The log files provide a chronological list of activities that happened on a node. These activities can be analyzed further to provide monitoring for a particular node or the network in general. As the logs are created in JSON format, it is possible to pipe the log messages to additional monitoring software. With monitoring software, the node operator can filter automatically for certain events and visualize them through a frontend application. Also, it could be used to send notifications to the operator, in case of an emergency.
We use New Relic to monitor the activities inside of the application. It enables detailed insight into the system and keeps track of the performance of any activity, e.g. an HTTP API call or a background process from Lisk Core jobs queue.
Following steps should provide you with the insights of why and how to monitor your Lisk Core node using New Relic instrumentation.
The first thing you need to do is register an account at https://rpm.newrelic.com if you have not already done that. After successful login, select ``Account settings'' in the account dropdown in the New Relic UI. From the Account information section on the right side of the Summary page, copy your license key.
To enable the performance monitoring on your node, make sure you have an environment variable
Binary and Source
cd lisk_repo/docker (1)
|1||Navigate into the
docker-compose.override.yml and add your license key like so:
version: "3" services: lisk: environment: - NEW_RELIC_LICENSE_KEY=XXXXXXXXX
Then, save your changes to the file and reinitialize Docker so it can use the new environment variable.
docker-compose up -d (1)
|1||(Re)start docker containers.|
The second way of adding the license key is to edit
newrelic.js file which can be found in the root directory of the Lisk Core installation.
cd lisk_repo (1)
|1||Navigate inside the root folder of Lisk Core.|
Inside, open the file
newrelic.js and search for the option
license_key and add your license key as a string value.
/** * Your New Relic license key. * * MUST set the license key using `NEW_RELIC_LICENSE_KEY` env variable * if you want to enable the monitoring of the lisk node */ license_key: 'XXXXXXXXX',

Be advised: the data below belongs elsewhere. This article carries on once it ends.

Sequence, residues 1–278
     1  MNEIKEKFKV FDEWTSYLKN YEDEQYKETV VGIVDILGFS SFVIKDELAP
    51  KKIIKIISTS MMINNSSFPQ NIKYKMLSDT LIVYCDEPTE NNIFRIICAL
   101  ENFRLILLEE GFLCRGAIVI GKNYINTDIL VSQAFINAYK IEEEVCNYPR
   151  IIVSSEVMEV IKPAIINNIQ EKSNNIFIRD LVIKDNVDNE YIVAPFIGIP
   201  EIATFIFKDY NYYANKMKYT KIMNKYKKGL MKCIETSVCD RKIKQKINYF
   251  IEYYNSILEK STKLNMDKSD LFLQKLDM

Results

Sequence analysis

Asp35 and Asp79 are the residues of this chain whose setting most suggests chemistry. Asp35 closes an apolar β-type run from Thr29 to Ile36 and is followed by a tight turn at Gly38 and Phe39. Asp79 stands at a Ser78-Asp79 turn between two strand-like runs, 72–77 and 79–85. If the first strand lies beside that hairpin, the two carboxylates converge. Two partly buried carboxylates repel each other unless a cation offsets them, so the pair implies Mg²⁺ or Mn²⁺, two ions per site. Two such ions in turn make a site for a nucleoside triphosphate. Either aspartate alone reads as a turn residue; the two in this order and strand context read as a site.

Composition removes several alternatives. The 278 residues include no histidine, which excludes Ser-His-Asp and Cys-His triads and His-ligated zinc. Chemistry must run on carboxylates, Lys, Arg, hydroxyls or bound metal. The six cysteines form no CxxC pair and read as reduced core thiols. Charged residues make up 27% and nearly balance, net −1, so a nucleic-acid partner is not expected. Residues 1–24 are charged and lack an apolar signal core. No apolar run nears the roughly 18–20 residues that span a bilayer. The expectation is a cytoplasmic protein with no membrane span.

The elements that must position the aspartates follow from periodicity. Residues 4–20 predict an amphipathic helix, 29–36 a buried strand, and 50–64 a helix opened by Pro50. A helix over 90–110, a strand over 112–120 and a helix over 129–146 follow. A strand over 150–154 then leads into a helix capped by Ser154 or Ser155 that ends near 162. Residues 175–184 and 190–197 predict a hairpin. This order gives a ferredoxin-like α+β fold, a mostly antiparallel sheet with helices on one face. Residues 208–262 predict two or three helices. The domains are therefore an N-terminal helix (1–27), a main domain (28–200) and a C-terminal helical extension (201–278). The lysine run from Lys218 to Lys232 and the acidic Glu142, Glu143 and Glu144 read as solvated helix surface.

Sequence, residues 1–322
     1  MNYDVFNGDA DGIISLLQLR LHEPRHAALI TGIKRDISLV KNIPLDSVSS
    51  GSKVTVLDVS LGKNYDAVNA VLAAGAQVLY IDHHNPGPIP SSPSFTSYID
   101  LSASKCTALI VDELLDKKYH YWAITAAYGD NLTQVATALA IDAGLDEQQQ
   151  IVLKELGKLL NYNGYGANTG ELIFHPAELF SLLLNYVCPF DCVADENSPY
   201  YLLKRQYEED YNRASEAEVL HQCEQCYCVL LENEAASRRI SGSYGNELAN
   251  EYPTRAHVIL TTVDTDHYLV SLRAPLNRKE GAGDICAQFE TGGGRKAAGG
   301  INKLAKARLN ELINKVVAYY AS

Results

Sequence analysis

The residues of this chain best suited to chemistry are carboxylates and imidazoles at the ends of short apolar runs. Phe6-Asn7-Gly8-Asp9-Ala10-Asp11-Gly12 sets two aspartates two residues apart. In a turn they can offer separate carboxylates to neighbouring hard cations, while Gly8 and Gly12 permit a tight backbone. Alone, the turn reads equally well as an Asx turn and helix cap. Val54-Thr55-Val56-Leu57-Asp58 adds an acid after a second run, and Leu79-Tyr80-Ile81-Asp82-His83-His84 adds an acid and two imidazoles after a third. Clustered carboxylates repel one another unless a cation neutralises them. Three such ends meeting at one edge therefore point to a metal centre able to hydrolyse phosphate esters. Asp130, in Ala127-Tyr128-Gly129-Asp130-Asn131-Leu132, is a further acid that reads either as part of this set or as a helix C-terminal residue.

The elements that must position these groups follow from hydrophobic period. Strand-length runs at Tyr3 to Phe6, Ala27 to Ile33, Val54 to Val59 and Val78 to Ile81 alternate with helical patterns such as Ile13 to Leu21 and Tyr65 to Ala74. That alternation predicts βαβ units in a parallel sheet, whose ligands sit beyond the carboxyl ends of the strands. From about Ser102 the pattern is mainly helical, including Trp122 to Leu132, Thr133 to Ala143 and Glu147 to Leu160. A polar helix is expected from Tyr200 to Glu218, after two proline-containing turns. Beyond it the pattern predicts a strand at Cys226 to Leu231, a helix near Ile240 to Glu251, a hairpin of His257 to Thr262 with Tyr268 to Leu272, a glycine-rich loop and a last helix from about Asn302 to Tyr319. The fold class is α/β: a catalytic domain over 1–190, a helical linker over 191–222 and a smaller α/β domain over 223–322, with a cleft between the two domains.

After adding the license key, save your changes and reload your node.
Then start the node normally.
bash lisk.sh start (1) npx pm2 start lisk (2) docker start container_id (3)
|1||Start lisk core binary|
|2||Start lisk core source|
|3||Start lisk core docker|
… or restart if it is already running.
bash lisk.sh reload (1) npx pm2 restart lisk (2) docker restart container_id (3)
|1||Restart lisk core binary|
|2||Restart lisk core source|
|3||Restart lisk core docker|
To monitor activities in the system, you need to perform some. So keep your node busy by performing actions like taking a snapshot, syncing your node, or running various API request against it. Even if you don’t perform them, New Relic can monitor internal activities of the system e.g. different queue jobs.
There are several ways to create workload on your node:
|The Lisk Core Test Suite is only available for Lisk Core from Source.|
The README of the Lisk Core repository in Github describes how to run the Testsuite.
Apache Bench is a generic benchmarking tool to measure the performance of HTTP servers.
Do e.g. the following request:
now && ab -n 200000 -c 1 -k "http://127.0.0.1:7000/api/accounts?publicKey=4e8896e20375b16e5f1a6e980a4ed0cdcb3356e99e965e923804593669c87ad2"
now: Appends the current system time on top of the Apache Bench output.
In case you want to compare New Relic benchmark results with Apache Bench output, it is convenient to add it for knowing when the benchmark started exactly, as Apache Bench is not logging that itself.
-n: The number of requests that are executed
-c: The number of requests to perform in parallel.
-k: Enable the HTTP KeepAlive feature, i.e., perform multiple
requests within one HTTP session.
Siege is another tool for benchmarking the performance of HTTP servers.
Do e.g. the following request:
siege -c 10 -t 30m http://127.0.0.1:7000/api/blocks
-c: Number of requests to perform in parallel.
-t: Allows you to run the test for a selected period.
Let’s take a case study, we want to analyze the performance of API
GET /api/transactions endpoint, to figure out:
If there is any bottleneck in the database level
Which of the database query is taking most of the time
Here are the steps we follow:
$ cd ~/lisk_repo ~/lisk_repo $ export NEW_RELIC_LICENSE_KEY=xxxxxxxxxxx ~/lisk_repo $ npx pm2 start lisk
Now start making some requests using Siege:
siege -c 10 -t 5m http://127.0.0.1:4000/api/transactions
The script will automatically keep on sending the HTTP requests against your node for 5 minutes (
During that time please keep in mind:
You may want to disable the cache on the node to get real performance analysis. To do this, set
cacheEnabledin configuration to
You might not see the viable results if your development blockchain dataset is empty. This could be changed by running your tests against the Testnet data.
It may take a couple of minutes to show the analyzed results in the New Relic interface so be patient.